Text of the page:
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Title: The international politics and operational control of potentially dangerous technology : a case study of recombinant DNA
Author: Russell, Alan Myles
Awarding Body: University of Kent
Current Institution: University of Kent
Date of Award: 1984
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The focus of this thesis is on the international features of the case of recombinant DNA. A transnational model of decision-making is applied to the development and implementation of safeguards which followed the authoritative public announcement by eleven leading microbiologists that certain new experimental techniques involved conjectured hazards. The case is taken, in an historical context, as an example of a new technology displaying 'low probability, high consequence' risks emphasising the international uncertainty involved. A multi-levelled systems approach is adopted to link organisational decision-making analysis to concepts of transnational political relationships (developed from K. Deutsch, R. Keohane and J. Nye, J. Burton, H. Simon, R. Cyert and J. March, W. Evans, and G.T. Allison). The study stresses the importance of operational safeguards developed in the United States and the United Kingdom, illustrating their roles as models, often borrowed and modified elsewhere. In all, some thirty-two states and eleven international organisations are covered, emphasising communications linkages and sources of information. Uncertainty concerning potential hazards led to a transnational incremental approach to the process of decision-making as it affected the development and operationalisation of control options designed to reduce risk. Satisfactory rather than optimal strategies resulted. It was apparent that the limitations faced in 'rational' assessments assisted the growth of political debate in an overall climate of empirical uncertainty. Scientists proved to be well organised internationally, and on the whole retained a dominant input into the transnational decision-making, despite the general level of political controversy. The case stands as an object lesson in the problems associated with internationally assessing uncertain hazards (and benefits) despite the presently accepted perception that risks are somewhat less than originally conceived.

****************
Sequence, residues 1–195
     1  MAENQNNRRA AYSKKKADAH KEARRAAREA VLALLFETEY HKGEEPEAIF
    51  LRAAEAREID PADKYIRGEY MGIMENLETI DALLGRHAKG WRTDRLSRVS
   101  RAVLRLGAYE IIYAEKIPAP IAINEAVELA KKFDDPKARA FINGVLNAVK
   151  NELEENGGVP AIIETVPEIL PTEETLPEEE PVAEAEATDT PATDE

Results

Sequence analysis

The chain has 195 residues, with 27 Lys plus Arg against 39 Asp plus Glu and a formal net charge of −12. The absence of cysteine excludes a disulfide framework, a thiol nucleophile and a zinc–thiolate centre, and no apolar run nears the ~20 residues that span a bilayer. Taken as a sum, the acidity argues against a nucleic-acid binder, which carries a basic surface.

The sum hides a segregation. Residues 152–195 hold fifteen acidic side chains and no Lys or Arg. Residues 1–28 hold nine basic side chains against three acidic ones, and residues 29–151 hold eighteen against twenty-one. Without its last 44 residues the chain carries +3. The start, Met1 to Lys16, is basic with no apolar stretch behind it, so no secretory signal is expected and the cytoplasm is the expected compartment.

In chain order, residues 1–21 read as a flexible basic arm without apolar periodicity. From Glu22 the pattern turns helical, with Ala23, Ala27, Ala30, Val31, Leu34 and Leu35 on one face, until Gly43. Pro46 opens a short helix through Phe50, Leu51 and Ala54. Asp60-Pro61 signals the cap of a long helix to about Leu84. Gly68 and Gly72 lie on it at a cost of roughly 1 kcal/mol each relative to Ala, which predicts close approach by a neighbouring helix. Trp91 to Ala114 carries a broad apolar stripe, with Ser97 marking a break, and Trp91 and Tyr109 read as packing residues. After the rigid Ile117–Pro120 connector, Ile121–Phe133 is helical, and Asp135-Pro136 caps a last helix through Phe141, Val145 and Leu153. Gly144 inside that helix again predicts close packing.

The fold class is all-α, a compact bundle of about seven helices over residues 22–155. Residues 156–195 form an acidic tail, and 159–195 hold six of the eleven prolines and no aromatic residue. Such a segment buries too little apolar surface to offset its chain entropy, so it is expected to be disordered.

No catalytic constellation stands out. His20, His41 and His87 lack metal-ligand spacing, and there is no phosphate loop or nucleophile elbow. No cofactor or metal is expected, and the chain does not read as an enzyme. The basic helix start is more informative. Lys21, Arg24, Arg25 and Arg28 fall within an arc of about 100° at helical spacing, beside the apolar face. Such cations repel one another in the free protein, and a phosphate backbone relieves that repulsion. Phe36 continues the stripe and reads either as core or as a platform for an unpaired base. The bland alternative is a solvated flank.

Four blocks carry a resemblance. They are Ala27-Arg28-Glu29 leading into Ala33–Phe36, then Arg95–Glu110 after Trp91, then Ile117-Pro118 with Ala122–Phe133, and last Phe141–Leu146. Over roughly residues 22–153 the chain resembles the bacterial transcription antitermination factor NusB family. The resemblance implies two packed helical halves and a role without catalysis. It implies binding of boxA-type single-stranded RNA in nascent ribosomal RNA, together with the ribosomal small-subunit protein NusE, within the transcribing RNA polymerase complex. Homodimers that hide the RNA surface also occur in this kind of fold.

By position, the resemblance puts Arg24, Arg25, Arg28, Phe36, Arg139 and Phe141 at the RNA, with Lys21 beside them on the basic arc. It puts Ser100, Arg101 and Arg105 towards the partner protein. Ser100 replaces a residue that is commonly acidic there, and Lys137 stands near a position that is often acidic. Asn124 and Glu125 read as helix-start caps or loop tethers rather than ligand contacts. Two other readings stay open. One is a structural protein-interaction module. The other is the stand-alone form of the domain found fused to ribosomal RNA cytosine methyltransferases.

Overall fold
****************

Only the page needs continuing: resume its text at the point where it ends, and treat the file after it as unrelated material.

Supervisor: Groom, A. J. R. Sponsor: Not available
Qualification Name: Thesis (Ph.D.) Qualification Level: Doctoral
Keywords: JA Political science (General)